Academic journal article MELUS

Framing and Framed Languages in Hughes's 'Ask Your Mama: 12 Moods for Jazz.' (Langston Hughes)

Academic journal article MELUS

Framing and Framed Languages in Hughes's 'Ask Your Mama: 12 Moods for Jazz.' (Langston Hughes)

Article excerpt

Ask Your Mama: 12 Moods for Jazz, by Langston Hughes, encapsulates one of the most significantly artistic fusions in African American life. Though the verbal script the-framed language at the center of the page) discloses the voice of the personal narrator who retells history, the musical marginalia (the outer frames) provide the sonorous complement of a communal narrative. Hence, the personal writing on the page speaks to the cultural language literally at its borders and figuratively in its depths. This compulsion to fuse the individual and collective or mythic selves, at once so subjective and objective, is at the root of realism and modernism as well. And, indeed, this constantly recurring dynamic between personal and communal memory reminds us of the degree to which the Black American poetic text dissolves the alleged margins between this literately discursive "me" and this musically feeling "us." Ask Your Mama is, in other words, Hughes's finally sustained rapprochement between the Black intellectual as a talented individual and the Black community at large. What Hughes has left to the structuralists and post-structuralists after him is a volume demanding a constant negotiation between the imperative experimentation of the ever-imperfect and independent artist on the one hand - for every individual derives in part from a cultural tradition of talent - and the authenticating memory of the Black masses on the other.

Ask Your Mama is as much Juvenalian as Horatian in its satiric response to the rising anger of the 1960s. Fusing poetry with jazz, Hughes interweaves myth and history. He moves now into the child's mind and then into the man's; he reverses himself and begins afresh. Through fantasy, travesty, allusion, and irony, he depicts singers, actors, writers, politicians, and musicians. With a deepened imagination, he draws upon the rich themes of his entire career, such as religious humanism, free speech, transitoriness, and assimilation; nationalism, racism, integration, and poverty. He speculates about Pan-Africanism and personal integrity. To this end, he uses. a great many techniques and strategies to reveal the indissoluble signature of race as well as the icy processes of social alienation and aging.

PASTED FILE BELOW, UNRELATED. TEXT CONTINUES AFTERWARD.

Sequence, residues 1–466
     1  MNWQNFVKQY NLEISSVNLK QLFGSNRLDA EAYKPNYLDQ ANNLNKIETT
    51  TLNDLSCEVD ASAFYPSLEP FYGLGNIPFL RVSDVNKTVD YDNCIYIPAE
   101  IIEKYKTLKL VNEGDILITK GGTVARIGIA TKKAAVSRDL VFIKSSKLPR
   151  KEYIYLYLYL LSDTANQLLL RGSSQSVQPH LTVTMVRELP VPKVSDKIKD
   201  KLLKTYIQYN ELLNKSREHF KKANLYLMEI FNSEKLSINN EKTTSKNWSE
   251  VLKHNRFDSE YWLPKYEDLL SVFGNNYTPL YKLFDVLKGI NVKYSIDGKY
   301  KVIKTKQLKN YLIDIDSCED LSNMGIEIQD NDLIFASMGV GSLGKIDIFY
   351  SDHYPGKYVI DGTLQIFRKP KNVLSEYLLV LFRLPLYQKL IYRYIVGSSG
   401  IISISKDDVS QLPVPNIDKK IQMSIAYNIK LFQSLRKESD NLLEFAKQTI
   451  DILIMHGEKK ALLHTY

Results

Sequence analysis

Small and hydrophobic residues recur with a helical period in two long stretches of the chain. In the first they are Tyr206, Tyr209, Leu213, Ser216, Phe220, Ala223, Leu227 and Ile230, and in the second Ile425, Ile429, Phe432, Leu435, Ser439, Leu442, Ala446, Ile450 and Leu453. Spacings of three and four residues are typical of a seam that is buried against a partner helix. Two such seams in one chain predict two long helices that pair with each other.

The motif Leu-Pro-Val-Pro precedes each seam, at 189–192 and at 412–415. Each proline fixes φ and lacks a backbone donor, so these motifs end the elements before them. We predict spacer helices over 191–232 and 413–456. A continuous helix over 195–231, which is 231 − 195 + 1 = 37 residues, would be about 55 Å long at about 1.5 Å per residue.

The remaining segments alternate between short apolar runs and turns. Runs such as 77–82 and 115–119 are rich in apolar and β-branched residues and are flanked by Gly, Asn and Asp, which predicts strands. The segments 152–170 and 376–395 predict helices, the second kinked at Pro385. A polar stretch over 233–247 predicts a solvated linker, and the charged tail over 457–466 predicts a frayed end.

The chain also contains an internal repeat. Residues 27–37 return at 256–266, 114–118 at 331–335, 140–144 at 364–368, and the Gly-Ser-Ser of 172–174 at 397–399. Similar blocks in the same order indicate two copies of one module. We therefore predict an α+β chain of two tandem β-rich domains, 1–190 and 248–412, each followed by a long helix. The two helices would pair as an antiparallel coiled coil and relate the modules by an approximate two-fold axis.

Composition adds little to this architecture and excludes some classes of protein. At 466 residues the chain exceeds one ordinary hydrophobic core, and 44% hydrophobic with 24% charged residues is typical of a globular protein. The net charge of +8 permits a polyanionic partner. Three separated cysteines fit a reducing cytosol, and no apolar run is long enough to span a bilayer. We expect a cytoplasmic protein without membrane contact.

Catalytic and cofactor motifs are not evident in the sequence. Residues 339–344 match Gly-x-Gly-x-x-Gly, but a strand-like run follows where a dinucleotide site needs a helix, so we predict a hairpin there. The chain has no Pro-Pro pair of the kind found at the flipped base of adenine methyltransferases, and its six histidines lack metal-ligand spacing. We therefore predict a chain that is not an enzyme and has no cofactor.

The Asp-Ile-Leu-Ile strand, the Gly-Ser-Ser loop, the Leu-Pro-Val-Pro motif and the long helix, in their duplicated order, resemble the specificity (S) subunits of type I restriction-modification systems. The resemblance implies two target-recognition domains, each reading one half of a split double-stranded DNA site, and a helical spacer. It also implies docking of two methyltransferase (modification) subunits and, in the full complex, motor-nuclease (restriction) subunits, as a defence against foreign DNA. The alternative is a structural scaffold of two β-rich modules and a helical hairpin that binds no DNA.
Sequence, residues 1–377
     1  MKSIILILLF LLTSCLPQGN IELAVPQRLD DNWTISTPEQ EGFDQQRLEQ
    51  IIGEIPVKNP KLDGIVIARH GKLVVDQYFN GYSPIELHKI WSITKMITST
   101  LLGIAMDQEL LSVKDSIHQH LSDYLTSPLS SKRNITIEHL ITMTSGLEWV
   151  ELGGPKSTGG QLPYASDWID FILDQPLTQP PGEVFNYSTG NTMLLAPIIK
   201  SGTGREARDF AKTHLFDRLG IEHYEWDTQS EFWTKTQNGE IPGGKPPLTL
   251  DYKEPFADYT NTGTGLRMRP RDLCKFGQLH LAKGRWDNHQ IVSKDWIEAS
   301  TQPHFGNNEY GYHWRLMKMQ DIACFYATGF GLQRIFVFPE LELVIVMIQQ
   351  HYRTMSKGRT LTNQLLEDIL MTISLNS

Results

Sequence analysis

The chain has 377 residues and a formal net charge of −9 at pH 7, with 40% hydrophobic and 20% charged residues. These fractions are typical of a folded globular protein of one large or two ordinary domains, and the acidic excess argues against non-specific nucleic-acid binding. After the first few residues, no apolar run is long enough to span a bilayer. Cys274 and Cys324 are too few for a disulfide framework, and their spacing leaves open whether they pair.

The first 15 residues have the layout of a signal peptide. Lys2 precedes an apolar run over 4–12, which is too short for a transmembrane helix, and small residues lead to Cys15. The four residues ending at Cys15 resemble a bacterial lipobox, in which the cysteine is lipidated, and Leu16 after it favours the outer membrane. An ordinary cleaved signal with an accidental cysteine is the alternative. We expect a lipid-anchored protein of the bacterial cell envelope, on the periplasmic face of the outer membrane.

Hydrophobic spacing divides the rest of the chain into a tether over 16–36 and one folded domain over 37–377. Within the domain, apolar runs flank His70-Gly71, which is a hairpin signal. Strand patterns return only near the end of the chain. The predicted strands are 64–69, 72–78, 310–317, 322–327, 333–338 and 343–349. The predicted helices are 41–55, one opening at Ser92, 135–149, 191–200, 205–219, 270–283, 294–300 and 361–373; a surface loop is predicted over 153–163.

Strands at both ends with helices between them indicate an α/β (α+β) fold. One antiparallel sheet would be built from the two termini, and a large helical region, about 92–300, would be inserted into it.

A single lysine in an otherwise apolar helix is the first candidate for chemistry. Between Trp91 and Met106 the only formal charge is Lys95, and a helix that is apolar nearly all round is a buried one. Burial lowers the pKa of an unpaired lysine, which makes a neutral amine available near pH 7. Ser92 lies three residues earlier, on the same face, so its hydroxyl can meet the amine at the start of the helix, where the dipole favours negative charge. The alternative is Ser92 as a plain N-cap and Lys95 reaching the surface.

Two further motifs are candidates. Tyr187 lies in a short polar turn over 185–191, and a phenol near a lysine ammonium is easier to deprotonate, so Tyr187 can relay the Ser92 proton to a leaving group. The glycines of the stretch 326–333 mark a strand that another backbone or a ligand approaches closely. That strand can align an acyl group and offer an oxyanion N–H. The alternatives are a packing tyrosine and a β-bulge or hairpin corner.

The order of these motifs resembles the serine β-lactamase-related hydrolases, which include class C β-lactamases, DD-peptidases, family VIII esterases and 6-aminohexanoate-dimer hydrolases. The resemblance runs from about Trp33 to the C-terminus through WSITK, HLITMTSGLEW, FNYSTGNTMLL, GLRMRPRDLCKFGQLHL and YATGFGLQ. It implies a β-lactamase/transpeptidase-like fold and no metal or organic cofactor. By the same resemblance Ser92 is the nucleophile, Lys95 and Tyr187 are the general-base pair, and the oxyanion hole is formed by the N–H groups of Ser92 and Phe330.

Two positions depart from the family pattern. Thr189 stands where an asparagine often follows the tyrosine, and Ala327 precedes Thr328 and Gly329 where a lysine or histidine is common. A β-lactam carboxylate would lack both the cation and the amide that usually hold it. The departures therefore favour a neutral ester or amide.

But despite these challenges in his poetic world of streaming consciousness, Hughes keeps faith in the imagery of a dynamic train. This icon signifies not only history and the Underground Railroad of the nineteenth century but the prospects for social progress and racial apocalypse as well. Through the suggestive power of allusions to Jesus Christ and others, Hughes achieves a skillful imagery of vision, of aspiration, and of wonder. All of these symbolic actions are only imperfect signs of the Life Force and Rhythm that inform them. It is, finally, this rhythm, so insistently dynamic, so often inert, so playful yet deadly serious, that binds the narrator's verbal script to the musical one both surrounding and containing it.

While over the last decade the effort has been rather chic to read Langston Hughes"s Ask Your Mama as observing some polite generalities about other African American texts, as integrationist fusions between oral and written forms,(1) the very separation or disjunction of these two dimensions, or the all too convenient dichotomy of them even theoretically, violates the principles behind the literary world of Langston Hughes. What interests Hughes is the psychological process of Black American memory and history. He preoccupies himself at once, in other words, with both the vertical space of modern consciousness and the horizontal space of social record. He is, that is to say, a writer of both mind and time. His standard is that of not only literary or musical form; it is the moral reassessment of our "literary' actions within a tangibly immediate now, within this dynamically current recurrence of human time, within this compulsion for Civil Rights then (1921-1967) and now. …

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